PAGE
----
Artelle disagrees that a 6% allowable mortality figure is conservative. He points out that other studies have come up with estimates of 0–5% for British Columbia2. And although a December 2013 study by Mowat and his colleagues concluded that there are about 13,000–14,000 grizzlies in the province3, Paquet says that the number could be as low as 8,000 or higher than 15,000. The data behind such estimates, which come from sources ranging from aerial surveys to traps that snag the hair of passing bears, are often sparse or outdated, he says. “In many cases [the population estimate] will be based on assumptions that are maybe 10 years old. None of this is easy, obviously. But we need to take account of the uncertainties,” he says.

The Convention on International Trade in Endangered Species of Wild Fauna and Flora has banned the import of products from grizzly hunts in British Columbia to Europe, citing the province’s failure to implement a grizzly bear strategy it proposed in 2003, which called for better population assessments, among other things.

“In the United States, there’s recourse to courts,” says Paquet, who notes that there are frequent legal battles over US hunting and the country’s Endangered Species Act. “In Canada there’s essentially no appeal.”

Nature doi:10.1038/nature.2014.14914
  1. Artelle, K. A., Reynolds, J. D., Paquet, P. C. & Darimont, C. T. Science 343, 1311 (2014). Show context
  2. Artelle, K. A. et al. PLoS ONE 8, e78041 (2013). Show context
  3. Mowat, G., Heard, D. C. & Schwarz, C. J. PLoS ONE 8, e82757 (2013). Show context

Source: http://www.nature.com/news/canadian-grizzly-bears-face-expanded-hunt-1.14914

Overkill – trophy hunting slams BC’s Grizzly bears

In BC, Canada, a surge in trophy hunting may be reducing Grizzly bear populations, writes Anna Taylor. A new study finds evidence of serious Grizzly bear ‘overkill’ from multiple causes of mortality – in which trophy hunting is a big contributor.

In one area, trophy hunters killed 24 more grizzlies than the quota allowed, and overhunting was particularly prevalent for female bears that are critical for a sustainable population.

The British Columbia Government claims that the quotas they set for the number of Grizzly bears allowed to be killed each year ensure that hunting practices are sustainable.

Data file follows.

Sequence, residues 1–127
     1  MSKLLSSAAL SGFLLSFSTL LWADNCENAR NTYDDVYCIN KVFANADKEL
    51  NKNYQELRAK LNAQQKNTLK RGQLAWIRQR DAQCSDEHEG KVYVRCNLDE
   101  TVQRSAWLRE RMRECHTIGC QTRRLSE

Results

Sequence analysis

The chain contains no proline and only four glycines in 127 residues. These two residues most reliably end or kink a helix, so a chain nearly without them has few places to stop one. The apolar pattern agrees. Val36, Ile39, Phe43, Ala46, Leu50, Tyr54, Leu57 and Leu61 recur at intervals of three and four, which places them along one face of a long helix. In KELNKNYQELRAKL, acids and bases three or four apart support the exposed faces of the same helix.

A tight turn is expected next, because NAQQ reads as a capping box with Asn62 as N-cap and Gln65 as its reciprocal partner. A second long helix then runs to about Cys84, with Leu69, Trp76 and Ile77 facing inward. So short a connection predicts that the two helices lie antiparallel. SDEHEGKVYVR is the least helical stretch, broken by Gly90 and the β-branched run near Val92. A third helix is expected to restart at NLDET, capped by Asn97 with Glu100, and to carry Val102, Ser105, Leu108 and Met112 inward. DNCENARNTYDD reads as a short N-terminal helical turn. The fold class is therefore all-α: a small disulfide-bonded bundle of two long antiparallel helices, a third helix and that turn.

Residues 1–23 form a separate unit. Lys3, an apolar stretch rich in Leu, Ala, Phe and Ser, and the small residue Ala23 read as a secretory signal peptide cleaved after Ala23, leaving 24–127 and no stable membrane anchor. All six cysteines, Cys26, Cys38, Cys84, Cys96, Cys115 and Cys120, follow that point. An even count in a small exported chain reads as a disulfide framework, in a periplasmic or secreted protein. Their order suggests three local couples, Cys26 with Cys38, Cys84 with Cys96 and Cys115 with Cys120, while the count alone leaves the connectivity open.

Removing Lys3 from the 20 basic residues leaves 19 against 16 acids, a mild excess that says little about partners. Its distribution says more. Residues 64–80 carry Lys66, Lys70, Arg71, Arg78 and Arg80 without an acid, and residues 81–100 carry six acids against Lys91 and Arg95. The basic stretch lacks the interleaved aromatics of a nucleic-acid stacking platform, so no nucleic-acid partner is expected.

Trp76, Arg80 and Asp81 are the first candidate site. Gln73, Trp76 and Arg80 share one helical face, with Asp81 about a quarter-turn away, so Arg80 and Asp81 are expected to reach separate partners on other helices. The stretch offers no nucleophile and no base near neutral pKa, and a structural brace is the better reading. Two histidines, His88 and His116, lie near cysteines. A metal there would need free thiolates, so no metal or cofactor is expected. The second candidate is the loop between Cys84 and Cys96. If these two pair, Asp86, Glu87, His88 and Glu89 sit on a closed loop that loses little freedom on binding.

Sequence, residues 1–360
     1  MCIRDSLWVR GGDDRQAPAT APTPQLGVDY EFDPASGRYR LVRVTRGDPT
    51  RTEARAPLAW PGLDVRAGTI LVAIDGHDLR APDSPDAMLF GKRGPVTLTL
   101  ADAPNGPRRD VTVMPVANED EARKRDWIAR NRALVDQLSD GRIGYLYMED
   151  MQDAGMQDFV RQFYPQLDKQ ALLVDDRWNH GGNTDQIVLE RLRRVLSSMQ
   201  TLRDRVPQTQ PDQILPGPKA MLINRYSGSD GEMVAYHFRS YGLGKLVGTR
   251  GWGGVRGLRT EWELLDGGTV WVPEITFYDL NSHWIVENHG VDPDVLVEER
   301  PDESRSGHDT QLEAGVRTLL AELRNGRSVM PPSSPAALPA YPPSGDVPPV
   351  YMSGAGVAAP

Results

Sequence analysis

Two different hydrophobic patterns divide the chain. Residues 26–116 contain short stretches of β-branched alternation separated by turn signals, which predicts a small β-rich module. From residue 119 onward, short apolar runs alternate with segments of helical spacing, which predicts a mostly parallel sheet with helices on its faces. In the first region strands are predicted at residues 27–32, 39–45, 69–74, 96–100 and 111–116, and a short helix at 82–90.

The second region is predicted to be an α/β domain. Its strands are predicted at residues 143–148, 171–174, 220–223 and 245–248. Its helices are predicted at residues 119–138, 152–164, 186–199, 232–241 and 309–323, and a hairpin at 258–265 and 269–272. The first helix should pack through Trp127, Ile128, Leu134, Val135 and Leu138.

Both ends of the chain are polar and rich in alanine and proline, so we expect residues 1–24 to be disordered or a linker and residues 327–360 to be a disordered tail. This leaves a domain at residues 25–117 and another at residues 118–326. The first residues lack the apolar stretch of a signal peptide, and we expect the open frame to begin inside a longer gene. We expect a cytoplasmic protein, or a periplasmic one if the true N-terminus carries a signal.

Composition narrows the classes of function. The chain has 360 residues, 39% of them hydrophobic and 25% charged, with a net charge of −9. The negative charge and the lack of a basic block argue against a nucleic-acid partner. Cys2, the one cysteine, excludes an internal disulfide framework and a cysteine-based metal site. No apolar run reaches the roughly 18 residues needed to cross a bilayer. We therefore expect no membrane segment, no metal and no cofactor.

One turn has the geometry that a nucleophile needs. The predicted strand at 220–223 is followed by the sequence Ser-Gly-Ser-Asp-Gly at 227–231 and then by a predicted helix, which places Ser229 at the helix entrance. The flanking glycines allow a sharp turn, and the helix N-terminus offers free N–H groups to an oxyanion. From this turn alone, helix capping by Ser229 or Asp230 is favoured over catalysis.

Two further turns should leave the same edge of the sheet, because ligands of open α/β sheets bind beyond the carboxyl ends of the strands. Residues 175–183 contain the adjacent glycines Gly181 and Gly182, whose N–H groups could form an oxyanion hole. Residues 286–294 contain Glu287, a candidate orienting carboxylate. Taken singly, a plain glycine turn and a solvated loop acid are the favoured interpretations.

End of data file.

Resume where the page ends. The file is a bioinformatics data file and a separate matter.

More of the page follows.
But a new study into the management of Grizzly bears in BC, published in the open-access journalPLoS ONE, finds that so-called ‘overkills’ occurred in half the Grizzly bear populations.

The findings are also relevant to the USA andproposals to strip Grizzly bears of federal protection under the Endangered Species Act.

Worrying discoveries

Scientists set out to test the BC Government’s claim and made some worrying discoveries. Kyle Artelle, from Simon Fraser University and lead author of the study, explains:

“We tested how well managers were able to maintain grizzly bear kill rates below limits their own biologists have deemed sustainable.

“This assessment was straightforward – for a given population and across three management periods we simply compared the number of bears the province said could sustainably die (‘mortality limits’) by human-caused kills to the number that actually died.”

Too many unknowns

To do this his team looked at three key quantities that carry considerable uncertainty: population estimates; population growth rates; and the number of unreported human-caused bears deaths, including poaching kills.

The population growth rates are key in this, says Artelle – also a wildlife scientist with the Raincoast Conservation Foundation – because they are used to estimate how many bears can be killed in a given population without causing declines.

“You can imagine how these might contribute to undetected overkills – for instance if you assume a population is a given size and set your hunting quotas accordingly, if it turns out the population is actually smaller, then the hunting quotas you set would have been too high.

“We addressed this quantitatively and found that, based on unaddressed uncertainty, overkill rate might indeed be considerably higher than previously assumed.”

They found that overkills – defined as taking place when the number of kills exceeds the mortality limits that are set by the government – occurred in half of the populations that are open to hunting. Artelle says that hunting is adding to the other problems faced by the bears: